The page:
Luxury Apparel: The New Wave

Luxury Apparel: The New Wave

Luxury had a steady growth trajectory in 2018 and is one of the most optimistic sectors in apparel for the coming year, according to the McKinsey State of Fashion 2019 Report. Interestingly enough, in an industry fraught with rising costs and a consumer that objects to paying full-price, luxury has made a comeback.

In 2018, Balenciaga, Gucci, Nike, Louis Vuitton, Off-White, Yeezy, Calvin Klein, Prada, Raf Simmons, and Stone Island topped the list of most influential brands, according to HighSnobiety. The same report revealed that the new luxury consumer chooses brands that are in line with their “socially conscious” views and have a point of view.

Storytelling is Important

Cedric Charbit, Cheif Executive of Balenciaga, told the Mckinsey report that “A product can no longer be only and purely craftsmanship plus creativity and heritage: we need to add value and emotion to it.” This idea was behind the controversial Nike campaign with former NFL player Colin Kaepernick.

Kaepernick lost his career in the league over a kneeling controversy in protest of racial injustice in the U.S. This time he fought back with a bold black and white portrait emblazoned with “Believe in something. Even if it means sacrificing everything.” The Nike symbol proudly lay over it. After the erection of billboards in San Fransisco and New York, Nike stock rose to an all-time high.

Then, Balenciaga partnered with the World Food Programme for their Fall/Winter ’18 collection. Artistic Director Demna Gvasalia sent models down the runway with neon-colored hoodies and layered shirts sporting the organization’s emblem. He stated, “We consider this partnership with The World Food Programme to be an important step in making fashion useful in a different way and supporting good causes with our products whenever possible.”

Luxury Must Self-Disrupt

Luxury is changing. Sourcing Journal Online posed the question, “What is a traditional luxury brand to do when a swish is more covetable then a monogram?” It used to symbolize being a part of an “elite and aspirational club” and as “an expression of wealth.”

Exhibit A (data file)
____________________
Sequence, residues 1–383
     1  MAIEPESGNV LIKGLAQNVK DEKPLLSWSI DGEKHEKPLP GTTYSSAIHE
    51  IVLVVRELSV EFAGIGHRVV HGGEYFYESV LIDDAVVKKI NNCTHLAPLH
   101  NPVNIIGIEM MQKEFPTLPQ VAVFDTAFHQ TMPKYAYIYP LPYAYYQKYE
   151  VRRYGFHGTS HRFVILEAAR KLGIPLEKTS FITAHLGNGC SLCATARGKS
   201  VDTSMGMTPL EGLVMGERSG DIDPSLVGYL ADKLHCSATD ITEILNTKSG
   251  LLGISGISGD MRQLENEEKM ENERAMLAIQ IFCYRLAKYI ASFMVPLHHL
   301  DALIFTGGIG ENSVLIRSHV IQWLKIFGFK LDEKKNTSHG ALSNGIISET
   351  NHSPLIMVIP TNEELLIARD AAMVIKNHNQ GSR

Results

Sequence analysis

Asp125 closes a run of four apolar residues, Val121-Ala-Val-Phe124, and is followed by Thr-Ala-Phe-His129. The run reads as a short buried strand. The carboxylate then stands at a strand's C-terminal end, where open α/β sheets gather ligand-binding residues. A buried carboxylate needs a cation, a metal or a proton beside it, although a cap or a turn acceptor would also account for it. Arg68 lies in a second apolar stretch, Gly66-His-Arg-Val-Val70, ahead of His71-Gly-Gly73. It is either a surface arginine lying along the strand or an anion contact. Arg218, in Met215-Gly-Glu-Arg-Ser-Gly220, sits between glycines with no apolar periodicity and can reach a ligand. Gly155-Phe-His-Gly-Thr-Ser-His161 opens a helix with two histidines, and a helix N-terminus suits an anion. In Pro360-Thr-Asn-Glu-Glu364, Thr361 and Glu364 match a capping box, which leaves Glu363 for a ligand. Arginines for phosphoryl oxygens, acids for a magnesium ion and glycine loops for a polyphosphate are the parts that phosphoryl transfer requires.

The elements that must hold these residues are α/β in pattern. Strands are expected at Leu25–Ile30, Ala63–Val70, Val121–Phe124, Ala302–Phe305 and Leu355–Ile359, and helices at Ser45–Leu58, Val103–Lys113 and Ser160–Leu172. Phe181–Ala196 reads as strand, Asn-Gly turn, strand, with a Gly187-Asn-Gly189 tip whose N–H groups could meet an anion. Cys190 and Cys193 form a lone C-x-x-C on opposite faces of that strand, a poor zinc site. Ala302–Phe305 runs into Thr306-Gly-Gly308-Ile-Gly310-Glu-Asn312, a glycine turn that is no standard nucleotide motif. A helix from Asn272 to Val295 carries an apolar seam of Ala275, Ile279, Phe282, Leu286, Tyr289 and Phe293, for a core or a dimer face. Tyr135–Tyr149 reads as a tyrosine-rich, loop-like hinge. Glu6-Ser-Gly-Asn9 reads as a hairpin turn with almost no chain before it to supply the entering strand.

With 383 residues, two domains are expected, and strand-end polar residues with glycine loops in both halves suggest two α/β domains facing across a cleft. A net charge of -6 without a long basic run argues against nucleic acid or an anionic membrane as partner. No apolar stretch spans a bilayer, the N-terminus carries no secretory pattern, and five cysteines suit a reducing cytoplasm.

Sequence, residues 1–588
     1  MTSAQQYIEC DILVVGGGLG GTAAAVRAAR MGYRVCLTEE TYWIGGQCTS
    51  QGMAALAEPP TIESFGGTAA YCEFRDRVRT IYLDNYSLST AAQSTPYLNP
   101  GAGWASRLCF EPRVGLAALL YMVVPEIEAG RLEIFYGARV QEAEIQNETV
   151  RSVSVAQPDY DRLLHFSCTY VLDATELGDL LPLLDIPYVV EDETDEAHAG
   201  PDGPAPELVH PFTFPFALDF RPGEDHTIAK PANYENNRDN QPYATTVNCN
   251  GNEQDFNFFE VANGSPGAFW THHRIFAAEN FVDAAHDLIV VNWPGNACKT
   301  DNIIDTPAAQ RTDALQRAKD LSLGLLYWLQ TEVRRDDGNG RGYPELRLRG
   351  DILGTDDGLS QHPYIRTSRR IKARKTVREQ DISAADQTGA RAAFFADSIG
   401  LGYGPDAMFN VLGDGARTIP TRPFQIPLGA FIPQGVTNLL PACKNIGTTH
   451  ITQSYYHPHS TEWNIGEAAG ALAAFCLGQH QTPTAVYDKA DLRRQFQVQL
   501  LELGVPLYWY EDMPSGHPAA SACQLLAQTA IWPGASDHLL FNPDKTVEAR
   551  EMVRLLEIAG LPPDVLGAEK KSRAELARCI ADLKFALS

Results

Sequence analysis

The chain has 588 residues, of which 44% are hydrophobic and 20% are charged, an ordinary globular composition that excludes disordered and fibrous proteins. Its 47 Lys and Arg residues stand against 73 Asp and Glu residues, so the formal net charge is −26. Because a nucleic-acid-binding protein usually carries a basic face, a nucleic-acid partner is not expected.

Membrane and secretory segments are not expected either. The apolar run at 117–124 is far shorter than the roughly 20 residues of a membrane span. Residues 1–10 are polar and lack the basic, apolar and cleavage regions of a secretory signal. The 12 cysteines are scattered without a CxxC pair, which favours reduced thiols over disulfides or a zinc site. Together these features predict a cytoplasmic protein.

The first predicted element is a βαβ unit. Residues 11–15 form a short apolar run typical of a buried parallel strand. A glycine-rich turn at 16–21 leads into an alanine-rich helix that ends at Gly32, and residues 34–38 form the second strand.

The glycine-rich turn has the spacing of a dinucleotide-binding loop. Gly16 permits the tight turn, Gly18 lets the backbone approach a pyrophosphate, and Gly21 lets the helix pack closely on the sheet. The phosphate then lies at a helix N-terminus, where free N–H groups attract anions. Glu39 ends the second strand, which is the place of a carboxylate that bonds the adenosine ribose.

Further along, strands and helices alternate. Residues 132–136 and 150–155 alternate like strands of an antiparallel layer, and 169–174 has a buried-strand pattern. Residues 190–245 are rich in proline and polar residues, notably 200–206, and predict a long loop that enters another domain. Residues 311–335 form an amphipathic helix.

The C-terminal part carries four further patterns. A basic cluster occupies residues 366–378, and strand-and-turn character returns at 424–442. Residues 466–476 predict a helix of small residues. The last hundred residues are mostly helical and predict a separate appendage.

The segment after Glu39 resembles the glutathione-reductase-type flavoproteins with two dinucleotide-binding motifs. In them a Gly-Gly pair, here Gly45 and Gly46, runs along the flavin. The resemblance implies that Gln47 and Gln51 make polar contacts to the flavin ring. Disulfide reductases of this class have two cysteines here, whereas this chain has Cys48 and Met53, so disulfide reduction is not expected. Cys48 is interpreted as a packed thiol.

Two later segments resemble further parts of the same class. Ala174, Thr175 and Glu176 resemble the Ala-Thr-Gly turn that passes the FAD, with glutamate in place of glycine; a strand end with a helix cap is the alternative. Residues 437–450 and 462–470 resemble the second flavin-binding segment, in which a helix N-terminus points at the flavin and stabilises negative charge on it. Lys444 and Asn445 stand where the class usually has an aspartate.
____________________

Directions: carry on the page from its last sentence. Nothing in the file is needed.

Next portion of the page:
Now, while there’s still a price to pay, it’s about an expression of uniqueness and alignment with its values. Cedric Charbit added, “Fashion cannot lock itself in the so-called ivory tower anymore.” Balenciaga has been pushing the boundaries with their design for over 100 years, but realized that they, “need to be conscious of the world and reflect what’s happening.”

Consumers Want to Participate

Arguably, another “new barrier of entry is the journey,” NOT just the purchase. The new wave of luxury brands creates an experience and a community. In the same way, Nike and Balenciaga are using their platforms to raise awareness.

Through collaborations, campaigns, limited edition products, charitable events, and festivals they’re telling the brand’s story. Ultimately, the consumer feels they’ve “earned the item through participation.” Luxury isn’t just something you can buy your way into any longer.

Hundreds of domestic and international exhibitors will be showcasing their unique products and brand story at our Apparel Textile Sourcing shows. Don’t miss out, register for free for an upcoming show:

Apparel Textile Sourcing Miami– May 28th-30th, 2019

Apparel Textile Sourcing Canada August 19th-21st, 2019

Apparel Textile Sourcing Germany September 11th-13th, 2019


Author: Christine Duff

Christine wants to live in a world filled with cutting edge fashion, beautiful words and and an endless supply of leather jackets and boots. A product development grad of FIDM, she was the Editor-in-Chief of MODE Magazine where she reignited her love of storytelling. She has diverse experience within the industry with trend research, art direction and styling editorial spreads. She gained her most notable experience working in Los Angeles at the satellite operation for GQ and Vogue Thailand. Christine is passionate about social science and the role it plays in the consumer goods industry and apparel in particular.